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Should the Office of Technology Assessment be reinstated?

April 19, 2009

Wilson & Harsha (2008) point out that the mission of the Office of Technology Assessment (OTA) was to help navigate “the intersection of technical and scientific issues with policymaking”. Prior to its demise, the OTA had sometimes produced reports that were ill-received by members of Congress in that they were critical of certain technologies espoused by the administration at the time and/or various politicians or their respective vested interests. As a result, critics began to question the need for another agency that would produce yet more reports and clog up Congressional progress with analysis. The closest thing to a revival occurred in 2008 when $2.5 million was set aside for a small technical assessment for the GAO, which purportedly has had similar responsibilities over the years.

Regardless of whether or not the OTA was always popular in its findings and assessments, the loss of the OTA has been viewed as a loss for science and technology (Wilson & Harsha, 2008) by many. Out of this comes no guarantee that Congress will do “the right thing” (Wilson & Harsha, 2009) even when presented with sound scientific evidence. In their article, Wilson & Harsha (2009) report regular complaints from the science and engineering community with regard to Congress’s failure to action in rational ways regarding new technologies and repeatedly the argument is made that “if they only had the right information, they’d make the right decision” (p. 28). Unfortunately, the authors also state they believe that the concept of self-preservation in the political arena is a much more salient convincer than a scientist or engineer with cutting edge analysis.

Despite new funding reserves set aside for the NIST, NSF and DOE encouraging advances in technology, science and mathematics education, the optimism of what the COMPETES Act was designed to do was offset by a move to ultimately decrease the amounts of money (relative to inflation) that actually went to these agencies (Wilson & Harsha, 2008). While the authors point out that reviving the OTA won’t ensure that Congress will act rationally about technology and science investments, they state that the cloud of partisan politics will be somewhat mitigated and the interests of the scientific community will once again have a voice. Whether or not that voice will be loud enough or effective enough is not necessarily the argument the authors intend to make, but they seem to agree that it gives advancements in science and technology a fighting chance toward rationality.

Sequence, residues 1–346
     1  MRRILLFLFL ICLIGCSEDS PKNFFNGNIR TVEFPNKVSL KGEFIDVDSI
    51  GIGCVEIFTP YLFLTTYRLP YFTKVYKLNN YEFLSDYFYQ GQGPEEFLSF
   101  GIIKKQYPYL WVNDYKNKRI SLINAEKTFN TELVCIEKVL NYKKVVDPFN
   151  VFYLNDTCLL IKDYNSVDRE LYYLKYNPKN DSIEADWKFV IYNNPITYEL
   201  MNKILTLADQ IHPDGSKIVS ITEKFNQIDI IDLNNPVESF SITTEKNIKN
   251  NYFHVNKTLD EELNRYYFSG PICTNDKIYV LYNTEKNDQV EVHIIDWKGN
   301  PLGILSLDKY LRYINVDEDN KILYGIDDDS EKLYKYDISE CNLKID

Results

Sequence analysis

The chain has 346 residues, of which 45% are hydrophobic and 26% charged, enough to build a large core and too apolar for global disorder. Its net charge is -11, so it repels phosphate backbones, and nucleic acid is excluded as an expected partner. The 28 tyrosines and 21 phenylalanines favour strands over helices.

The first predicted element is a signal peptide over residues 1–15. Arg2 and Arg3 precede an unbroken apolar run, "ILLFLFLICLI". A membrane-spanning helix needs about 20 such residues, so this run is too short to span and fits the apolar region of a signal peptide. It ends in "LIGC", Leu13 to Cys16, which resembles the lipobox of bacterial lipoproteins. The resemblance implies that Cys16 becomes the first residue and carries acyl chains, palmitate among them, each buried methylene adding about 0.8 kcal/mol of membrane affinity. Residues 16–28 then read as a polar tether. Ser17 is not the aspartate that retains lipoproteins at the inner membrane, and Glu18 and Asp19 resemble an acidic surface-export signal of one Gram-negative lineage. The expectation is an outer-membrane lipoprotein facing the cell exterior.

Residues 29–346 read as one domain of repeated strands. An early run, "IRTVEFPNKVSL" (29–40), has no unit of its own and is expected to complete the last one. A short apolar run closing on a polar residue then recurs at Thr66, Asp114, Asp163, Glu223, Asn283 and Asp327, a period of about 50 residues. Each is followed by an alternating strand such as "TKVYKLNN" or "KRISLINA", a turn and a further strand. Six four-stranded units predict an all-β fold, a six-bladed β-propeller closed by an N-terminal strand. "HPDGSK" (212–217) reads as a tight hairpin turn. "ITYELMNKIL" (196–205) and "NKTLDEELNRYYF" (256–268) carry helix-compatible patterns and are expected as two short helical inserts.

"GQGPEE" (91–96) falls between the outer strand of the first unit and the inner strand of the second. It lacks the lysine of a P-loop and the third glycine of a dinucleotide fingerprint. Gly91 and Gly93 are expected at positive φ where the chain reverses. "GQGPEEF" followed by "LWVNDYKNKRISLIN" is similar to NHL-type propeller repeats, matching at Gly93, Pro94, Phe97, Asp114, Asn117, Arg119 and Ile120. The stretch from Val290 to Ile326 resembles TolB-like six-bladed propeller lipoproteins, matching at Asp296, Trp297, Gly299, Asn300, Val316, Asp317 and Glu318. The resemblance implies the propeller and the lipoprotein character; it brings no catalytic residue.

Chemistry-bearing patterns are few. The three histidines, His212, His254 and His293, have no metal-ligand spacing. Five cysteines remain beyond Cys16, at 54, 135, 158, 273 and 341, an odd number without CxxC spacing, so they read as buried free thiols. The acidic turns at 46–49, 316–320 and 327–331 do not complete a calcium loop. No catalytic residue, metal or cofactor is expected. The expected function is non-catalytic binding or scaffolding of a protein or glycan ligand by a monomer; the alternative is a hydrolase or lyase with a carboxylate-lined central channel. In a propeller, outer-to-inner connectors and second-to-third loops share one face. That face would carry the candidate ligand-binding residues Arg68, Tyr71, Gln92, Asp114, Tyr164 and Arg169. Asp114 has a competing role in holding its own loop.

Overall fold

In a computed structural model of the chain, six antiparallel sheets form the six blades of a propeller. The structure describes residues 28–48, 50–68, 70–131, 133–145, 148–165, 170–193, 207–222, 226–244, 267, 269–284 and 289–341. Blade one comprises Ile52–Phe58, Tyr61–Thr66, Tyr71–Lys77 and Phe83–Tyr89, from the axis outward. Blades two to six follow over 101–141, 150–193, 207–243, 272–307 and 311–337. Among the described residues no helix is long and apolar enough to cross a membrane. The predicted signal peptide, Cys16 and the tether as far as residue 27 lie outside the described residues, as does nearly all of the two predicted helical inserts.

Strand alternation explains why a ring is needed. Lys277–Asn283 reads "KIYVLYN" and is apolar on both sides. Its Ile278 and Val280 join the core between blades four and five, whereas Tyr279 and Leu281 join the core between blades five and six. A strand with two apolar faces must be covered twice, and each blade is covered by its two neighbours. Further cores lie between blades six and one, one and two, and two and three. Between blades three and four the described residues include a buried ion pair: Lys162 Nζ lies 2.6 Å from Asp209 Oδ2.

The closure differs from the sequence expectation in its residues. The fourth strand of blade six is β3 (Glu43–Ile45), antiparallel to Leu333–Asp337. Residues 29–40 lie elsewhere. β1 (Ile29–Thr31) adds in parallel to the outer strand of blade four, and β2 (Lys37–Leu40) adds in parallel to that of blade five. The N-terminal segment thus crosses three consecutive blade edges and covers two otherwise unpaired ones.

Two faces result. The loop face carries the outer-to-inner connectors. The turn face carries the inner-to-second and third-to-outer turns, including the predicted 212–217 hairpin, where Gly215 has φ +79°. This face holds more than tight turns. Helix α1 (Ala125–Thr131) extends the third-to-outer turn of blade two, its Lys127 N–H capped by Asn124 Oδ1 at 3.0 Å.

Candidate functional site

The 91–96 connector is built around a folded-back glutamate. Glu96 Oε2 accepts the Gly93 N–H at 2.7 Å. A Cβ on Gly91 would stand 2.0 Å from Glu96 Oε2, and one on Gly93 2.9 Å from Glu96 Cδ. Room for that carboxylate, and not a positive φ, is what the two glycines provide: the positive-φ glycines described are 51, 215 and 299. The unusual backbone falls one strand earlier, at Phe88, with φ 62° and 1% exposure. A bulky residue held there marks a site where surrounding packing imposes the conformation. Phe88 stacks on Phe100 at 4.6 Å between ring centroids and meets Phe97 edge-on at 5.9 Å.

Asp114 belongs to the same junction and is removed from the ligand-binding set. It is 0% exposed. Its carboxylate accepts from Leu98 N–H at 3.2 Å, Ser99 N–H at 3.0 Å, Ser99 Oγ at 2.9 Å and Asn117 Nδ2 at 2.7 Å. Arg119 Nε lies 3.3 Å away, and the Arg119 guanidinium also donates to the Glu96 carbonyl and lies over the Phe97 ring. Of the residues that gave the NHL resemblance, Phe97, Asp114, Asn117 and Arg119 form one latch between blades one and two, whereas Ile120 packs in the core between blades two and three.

It is hard to say whether or not the OTA had distinct enough duties from those supposedly covered (in some small way) by the GAO and if there was sufficient overlap it would seem that an audit and subsequent report would be able to highlight gaps and redundancies. Presuming the overlap was small, the OTA then should be reinstated as science and technology is clearly a first priority in continuing the advancements of the U.S. on the world platform. We cannot do enough to instill these values in our students and if the U.S. doesn’t close the gap with other countries, it will clearly fall behind. Perhaps the OTA could assist in closing this gap, either directly or indirectly.

*****
Resources:
Wilson, C., & Harsha, P. (2008). IT Policy: Science Policy Isn’t Always About Science. Association for Computing Machinery. Communications of the ACM, 51(9), 27. Retrieved February 22, 2009, from Research Library database. (Document ID: 1554033191).

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One Comment leave one →
  1. October 9, 2009 1:14 pm

    Your blog is so informative … ..I just bookmarked you….keep up the good work!!!!

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